The complexity of the ankle & foot is necessary for our mobility
Your feet and ankles are built for durability. They are designed this way to account for the significant amount of pressure they withstand every time you perform an activity that involves standing. When running, for example, each foot takes on a force that can be as much as three times your body weight. As a result, the foot and ankle have an anatomy that is both beautiful and complex, and this complexity plays a major role allowing you to complete the movements necessary to navigate the world.
The anatomy of the ankle and foot are connected and very closely related. The ankle joint is made up of three bones:
- Tibia: the shinbone, the major bone of the lower leg, which is responsible for bearing most of the body’s weight
- Fibula: the other bone of the lower leg, which is thinner than the tibia and sits behind it; the fibula helps to stabilize the ankle and supports the surrounding muscles
- Talus: a small bone at the top of the foot that helps transfer weight and pressure forces across the ankle joint; the top of the talus is shaped like a dome and is completely covered by cartilage, which is a tough, rubbery tissue that allows the ankle to move smoothly
The talus is one of the 26 bones that make up the foot. On top of this basic structure, each foot also consists of 33 joints and more than 100 muscles, tendons, and ligaments. Tendons are cords of strong tissue that connect muscles to bones, with each muscle being connected to one or more bones of the foot by a tendon. Ligaments are flexible bands of tissue that connect bones to one another. In the ankle, they bind joints together and provide stability by limiting side–to–side movement. They are elastic structures, which means they can stretch within their limits and then return to their normal position.
Some of the other structures of the foot and ankle that are important for their movement and function include the following:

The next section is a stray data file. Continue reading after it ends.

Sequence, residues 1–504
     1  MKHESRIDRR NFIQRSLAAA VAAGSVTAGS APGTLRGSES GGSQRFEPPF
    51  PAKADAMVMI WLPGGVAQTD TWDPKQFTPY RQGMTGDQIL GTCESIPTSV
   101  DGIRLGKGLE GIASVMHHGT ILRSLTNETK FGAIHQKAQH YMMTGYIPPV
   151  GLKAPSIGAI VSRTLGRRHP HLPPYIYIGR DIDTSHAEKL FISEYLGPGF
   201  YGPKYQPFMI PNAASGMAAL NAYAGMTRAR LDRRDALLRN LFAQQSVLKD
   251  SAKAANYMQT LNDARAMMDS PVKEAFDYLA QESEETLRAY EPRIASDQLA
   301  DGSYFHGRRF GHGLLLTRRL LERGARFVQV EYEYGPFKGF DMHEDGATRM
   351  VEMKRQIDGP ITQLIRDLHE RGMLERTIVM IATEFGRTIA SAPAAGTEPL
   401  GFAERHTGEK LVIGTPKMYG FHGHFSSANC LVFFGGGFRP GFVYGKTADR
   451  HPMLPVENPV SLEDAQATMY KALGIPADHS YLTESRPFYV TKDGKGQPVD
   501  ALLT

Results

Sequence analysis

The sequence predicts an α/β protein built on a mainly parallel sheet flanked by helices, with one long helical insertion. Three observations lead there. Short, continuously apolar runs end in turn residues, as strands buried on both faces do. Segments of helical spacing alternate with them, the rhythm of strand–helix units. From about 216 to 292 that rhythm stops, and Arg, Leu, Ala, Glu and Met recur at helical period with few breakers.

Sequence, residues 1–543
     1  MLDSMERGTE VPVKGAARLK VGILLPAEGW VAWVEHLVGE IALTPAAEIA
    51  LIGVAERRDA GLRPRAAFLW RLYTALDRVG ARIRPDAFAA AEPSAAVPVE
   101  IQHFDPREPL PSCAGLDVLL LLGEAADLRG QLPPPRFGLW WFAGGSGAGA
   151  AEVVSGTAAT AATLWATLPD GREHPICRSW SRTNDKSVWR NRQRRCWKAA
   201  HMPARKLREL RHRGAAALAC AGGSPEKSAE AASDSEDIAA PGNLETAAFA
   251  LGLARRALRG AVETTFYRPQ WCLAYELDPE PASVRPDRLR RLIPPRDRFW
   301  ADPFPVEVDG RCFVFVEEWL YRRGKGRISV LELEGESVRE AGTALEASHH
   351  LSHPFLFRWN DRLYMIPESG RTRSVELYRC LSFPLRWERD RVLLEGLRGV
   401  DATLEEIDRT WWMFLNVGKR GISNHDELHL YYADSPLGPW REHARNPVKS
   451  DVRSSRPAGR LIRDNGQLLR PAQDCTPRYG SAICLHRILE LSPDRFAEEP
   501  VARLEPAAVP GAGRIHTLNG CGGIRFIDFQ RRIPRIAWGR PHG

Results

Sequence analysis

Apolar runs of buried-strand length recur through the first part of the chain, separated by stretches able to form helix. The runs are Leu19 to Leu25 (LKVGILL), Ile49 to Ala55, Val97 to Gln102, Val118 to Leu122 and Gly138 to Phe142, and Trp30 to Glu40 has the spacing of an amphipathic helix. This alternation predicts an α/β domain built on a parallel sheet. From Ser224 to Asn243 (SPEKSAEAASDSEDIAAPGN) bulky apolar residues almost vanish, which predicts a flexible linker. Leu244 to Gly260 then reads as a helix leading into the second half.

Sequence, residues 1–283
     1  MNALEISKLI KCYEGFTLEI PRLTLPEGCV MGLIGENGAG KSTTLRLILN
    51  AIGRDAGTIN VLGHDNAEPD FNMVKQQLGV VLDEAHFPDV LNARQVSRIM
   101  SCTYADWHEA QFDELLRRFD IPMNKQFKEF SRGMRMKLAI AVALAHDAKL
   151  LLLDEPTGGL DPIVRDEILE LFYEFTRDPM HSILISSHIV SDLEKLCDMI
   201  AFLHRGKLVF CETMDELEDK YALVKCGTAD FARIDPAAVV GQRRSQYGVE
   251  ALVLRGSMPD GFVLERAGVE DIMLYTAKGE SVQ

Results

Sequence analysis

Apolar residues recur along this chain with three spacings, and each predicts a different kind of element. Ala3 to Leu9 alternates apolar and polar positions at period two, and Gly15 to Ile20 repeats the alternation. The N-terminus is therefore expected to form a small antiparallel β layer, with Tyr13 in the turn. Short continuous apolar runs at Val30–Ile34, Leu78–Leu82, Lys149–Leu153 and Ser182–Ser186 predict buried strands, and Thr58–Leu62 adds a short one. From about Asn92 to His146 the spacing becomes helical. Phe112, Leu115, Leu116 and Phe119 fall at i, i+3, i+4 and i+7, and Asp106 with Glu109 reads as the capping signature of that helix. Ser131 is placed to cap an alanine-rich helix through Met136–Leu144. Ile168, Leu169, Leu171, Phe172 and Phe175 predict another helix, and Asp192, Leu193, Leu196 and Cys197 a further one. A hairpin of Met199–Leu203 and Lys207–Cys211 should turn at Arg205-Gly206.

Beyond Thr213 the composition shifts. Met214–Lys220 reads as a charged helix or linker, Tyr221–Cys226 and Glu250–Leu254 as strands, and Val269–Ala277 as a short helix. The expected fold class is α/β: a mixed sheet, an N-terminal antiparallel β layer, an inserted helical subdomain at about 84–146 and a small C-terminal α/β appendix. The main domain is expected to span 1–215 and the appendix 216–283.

- Plantar fascia: a thick, connective band of soft tissue that stretches from the heel to the base of your toes at the ball of the foot; this strong ligament connects the bones in these two regions and is designed to absorb the significant amount of stress placed on the feet, and it can withstand a great deal of force
- Achilles tendon: this tendon connects the two calf muscles to the back of the heel bone, and it provides support and stability for the ankle when performing many common movements like walking and running; most of the force generated when pushing the toe off the ground during a running stride is transmitted to the Achilles, which can be as much as three times your body weight
- Two longitudinal arches: these arches span the length of the foot from the heel bone to behind the ball of the foot
- One transverse arch: spans the width of the foot
These three arches are formed by the tarsus and the metatarsal bones in the middle of the foot, and their shape allows them to act like a spring for the rest of the body. Any time you are on your feet, the arches bear your body weight and absorb the shock placed on them when you move. This force is then sent back to the rest of the body during actions like running and jumping. The arches are also quite flexible, which helps the feet appropriately respond to just about any type of movement.
Read our next newsletter for a look at how these structures are involved in some of the most common foot and ankle injuries.